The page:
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Plast Reconstr Surg. 1985 Mar;75(3):328-38.

Vertical and horizontal proportions of the face in young adult North American Caucasians: revision of neoclassical canons.

Abstract

The validity of nine neoclassical formulas of facial proportions was tested in a group of 153 young adult North American Caucasians. Age-related qualities were investigated in six of the nine canons in 100 six-year-old, 105 twelve-year-old, and 103 eighteen-year-old healthy subjects divided equally between the sexes. The two canons found to be valid most often in young adults were both horizontal proportions (interorbital width equals nose width in 40 percent and nose width equals 1/4 face width in 37 percent). The poorest correspondences are found in the vertical profile proportions, showing equality of no more than two parts of the head and face. Sex does not influence the findings significantly, but age-related differences were observed. Twenty-four variations derived from three vertical profile, four horizontal facial, and two nasoaural neoclassical canons were identified in the group of young adults. For each of the new proportions, the mean absolute and relative differences were calculated. The absolute differences were greater between the facial profile sections (vertical canons) and smaller between the horizontally oriented facial proportions. This study shows a large variability in size of facial features in a normal face. While some of the neoclassical canons may fit a few cases, they do not represent the average facial proportions and their interpretation as a prescription for ideal facial proportions must be tested.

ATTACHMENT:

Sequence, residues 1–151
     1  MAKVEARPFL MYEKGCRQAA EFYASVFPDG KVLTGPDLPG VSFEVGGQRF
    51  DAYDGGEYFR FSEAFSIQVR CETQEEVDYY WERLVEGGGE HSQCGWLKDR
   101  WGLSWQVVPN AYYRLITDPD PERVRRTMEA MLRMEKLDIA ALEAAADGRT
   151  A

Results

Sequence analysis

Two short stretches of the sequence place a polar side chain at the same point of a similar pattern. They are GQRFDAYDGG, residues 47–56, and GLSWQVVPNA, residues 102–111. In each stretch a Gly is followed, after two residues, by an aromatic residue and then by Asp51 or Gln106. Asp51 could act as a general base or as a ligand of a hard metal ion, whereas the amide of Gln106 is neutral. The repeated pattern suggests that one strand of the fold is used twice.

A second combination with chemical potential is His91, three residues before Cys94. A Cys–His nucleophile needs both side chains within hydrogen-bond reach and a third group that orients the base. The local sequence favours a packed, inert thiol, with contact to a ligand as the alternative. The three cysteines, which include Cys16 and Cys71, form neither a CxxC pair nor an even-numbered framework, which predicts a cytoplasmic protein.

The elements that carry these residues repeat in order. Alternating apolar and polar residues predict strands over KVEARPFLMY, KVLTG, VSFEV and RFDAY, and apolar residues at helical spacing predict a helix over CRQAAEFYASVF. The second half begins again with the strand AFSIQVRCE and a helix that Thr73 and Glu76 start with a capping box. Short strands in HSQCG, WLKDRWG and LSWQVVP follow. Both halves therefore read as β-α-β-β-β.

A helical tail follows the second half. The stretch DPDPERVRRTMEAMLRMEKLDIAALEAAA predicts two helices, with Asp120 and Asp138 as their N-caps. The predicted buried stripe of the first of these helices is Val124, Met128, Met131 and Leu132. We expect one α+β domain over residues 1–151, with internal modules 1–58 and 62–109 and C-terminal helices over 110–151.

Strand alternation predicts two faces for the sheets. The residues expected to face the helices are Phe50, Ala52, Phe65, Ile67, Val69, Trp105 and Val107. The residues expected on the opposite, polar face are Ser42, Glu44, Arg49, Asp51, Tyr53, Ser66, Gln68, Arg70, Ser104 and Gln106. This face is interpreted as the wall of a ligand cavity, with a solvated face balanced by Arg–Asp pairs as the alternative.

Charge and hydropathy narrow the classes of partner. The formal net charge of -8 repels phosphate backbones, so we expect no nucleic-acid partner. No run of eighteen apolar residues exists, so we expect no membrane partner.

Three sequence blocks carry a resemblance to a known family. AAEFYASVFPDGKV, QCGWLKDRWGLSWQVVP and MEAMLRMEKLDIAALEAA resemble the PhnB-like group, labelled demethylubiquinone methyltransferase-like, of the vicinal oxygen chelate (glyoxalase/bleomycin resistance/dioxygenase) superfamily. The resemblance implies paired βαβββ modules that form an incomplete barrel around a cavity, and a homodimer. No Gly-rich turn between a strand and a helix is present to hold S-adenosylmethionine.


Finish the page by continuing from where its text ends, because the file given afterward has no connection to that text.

[Indexed for MEDLINE]

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